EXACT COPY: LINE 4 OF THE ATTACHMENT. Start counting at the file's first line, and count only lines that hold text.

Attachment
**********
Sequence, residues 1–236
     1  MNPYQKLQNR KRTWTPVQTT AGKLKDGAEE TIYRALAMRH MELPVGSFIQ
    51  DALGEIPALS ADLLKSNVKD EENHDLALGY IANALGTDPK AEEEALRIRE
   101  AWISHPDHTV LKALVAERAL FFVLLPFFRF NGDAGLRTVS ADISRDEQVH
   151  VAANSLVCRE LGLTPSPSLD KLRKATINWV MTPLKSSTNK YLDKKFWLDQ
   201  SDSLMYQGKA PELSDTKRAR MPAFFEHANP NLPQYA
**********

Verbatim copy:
   101  AWISHPDHTV LKALVAERAL FFVLLPFFRF NGDAGLRTVS ADISRDEQVH